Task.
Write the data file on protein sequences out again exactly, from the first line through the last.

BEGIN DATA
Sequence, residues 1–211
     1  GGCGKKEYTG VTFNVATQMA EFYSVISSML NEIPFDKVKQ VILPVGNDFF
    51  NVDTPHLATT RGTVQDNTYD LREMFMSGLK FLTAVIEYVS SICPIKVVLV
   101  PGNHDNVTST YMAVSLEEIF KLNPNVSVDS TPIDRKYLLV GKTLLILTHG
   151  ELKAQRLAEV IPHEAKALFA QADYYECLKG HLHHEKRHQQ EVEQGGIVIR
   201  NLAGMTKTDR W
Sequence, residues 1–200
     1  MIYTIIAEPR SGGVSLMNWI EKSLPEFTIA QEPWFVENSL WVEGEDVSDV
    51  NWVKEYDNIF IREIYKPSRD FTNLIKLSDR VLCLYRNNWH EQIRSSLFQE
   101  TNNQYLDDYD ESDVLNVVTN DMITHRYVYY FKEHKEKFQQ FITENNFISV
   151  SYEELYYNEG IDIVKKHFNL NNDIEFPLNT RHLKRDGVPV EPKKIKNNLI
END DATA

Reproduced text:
Sequence, residues 1–211
     1  GGCGKKEYTG VTFNVATQMA EFYSVISSML NEIPFDKVKQ VILPVGNDFF
    51  NVDTPHLATT RGTVQDNTYD LREMFMSGLK FLTAVIEYVS SICPIKVVLV
   101  PGNHDNVTST YMAVSLEEIF KLNPNVSVDS TPIDRKYLLV GKTLLILTHG
   151  ELKAQRLAEV IPHEAKALFA QADYYECLKG HLHHEKRHQQ EVEQGGIVIR
   201  NLAGMTKTDR W
Sequence, residues 1–200
     1  MIYTIIAEPR SGGVSLMNWI EKSLPEFTIA QEPWFVENSL WVEGEDVSDV
    51  NWVKEYDNIF IREIYKPSRD FTNLIKLSDR VLCLYRNNWH EQIRSSLFQE
   101  TNNQYLDDYD ESDVLNVVTN DMITHRYVYY FKEHKEKFQQ FITENNFISV
   151  SYEELYYNEG IDIVKKHFNL NNDIEFPLNT RHLKRDGVPV EPKKIKNNLI